If you are an iOS developer - or even an Apple fan in general - today is your Christmas in June. Apple’s annual Worldwide Developer Conference (WWDC) happens every year at this time, and is a roadmap for the updates and new features we’ll see on our Apple devices soon. It is also the annual gathering for developers and technology enablers so that we can better understand what is coming to the Apple universe and prepare to enable our customers to embrace these features.
This year, WWDC did shine a light on video - although maybe not as much as many were predicting. The one consistent video thread today was H.265, also known as HEVC (High Efficiency Video Coding). This improvement on how video is encoded, processed and delivered to devices represents roughly 40% better efficiency overall. At the WWDC keynote, various Apple executives mentioned HEVC when talking about iOS and macOS. The speakers were quick to mention the visual improvements that HEVC will bring to desktop, smartphone and tablet experiences. We’ve long been fans and proponents of HEVC, and have supported 10-bit 4K workflows in our Zencoder product for many months.
Also worth noting from the keynote was the growth of tvOS. Apple said that more than 50 partners are now part of that ecosystem, making their content available to viewers and subscribers. New to that group is Amazon, bringing their Prime Video library and 4K content to the platform later in 2017. One interesting announcement today too was a new feature in the macOS browser, Safari. With Apple’s new High Sierra macOS, which will ship later this year, they will enable users to prevent the autoplay feature in embedded video players on a webpage. This is an interesting development and I’ll be interested to see how publishers who leverage autoplay will react. This could have an interesting impact to those who rely on autoplay to ramp up their overall player starts as part of their strategy.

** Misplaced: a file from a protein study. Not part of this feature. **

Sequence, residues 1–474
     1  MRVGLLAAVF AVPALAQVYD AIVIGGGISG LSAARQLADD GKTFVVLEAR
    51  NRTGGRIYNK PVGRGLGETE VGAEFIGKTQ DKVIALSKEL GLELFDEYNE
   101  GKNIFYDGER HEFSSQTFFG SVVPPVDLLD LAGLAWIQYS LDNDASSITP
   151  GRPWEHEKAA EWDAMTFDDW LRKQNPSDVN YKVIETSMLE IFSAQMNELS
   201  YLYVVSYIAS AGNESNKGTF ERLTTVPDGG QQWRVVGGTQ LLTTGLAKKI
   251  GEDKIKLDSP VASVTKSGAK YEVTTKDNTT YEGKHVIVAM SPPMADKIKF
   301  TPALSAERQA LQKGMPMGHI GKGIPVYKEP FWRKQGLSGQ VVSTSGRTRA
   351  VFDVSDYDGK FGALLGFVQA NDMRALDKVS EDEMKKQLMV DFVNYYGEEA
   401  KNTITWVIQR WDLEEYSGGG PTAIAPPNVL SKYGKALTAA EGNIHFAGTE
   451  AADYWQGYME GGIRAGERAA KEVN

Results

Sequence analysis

Last but not least, I was also interested in the augmented reality (AR) discussion and demos. I’m a big believer that creating experiences where nearly everyone can tap in by using the phone in their pocket and interacting with an on-screen experience (think Pokemon Go) seems to me to have more mass market appeal than one where you have to strap a set of goggles on. If history is a guide, Apple likes to tap into things that will have massive appeal with very large audiences. Only time will tell.
While WWDC is the bellwether event for Apple developers and fans, I am still expecting more video evolution in Apple’s products and software. That they really put HEVC front and center today is very interesting. For their users and our customers, it means that we’ll continue to see content that is visually compelling, consumes less space (on the device and in the storage and creation process) and is well in line with our manifesto for media organizations.
Read Our Media Manifesto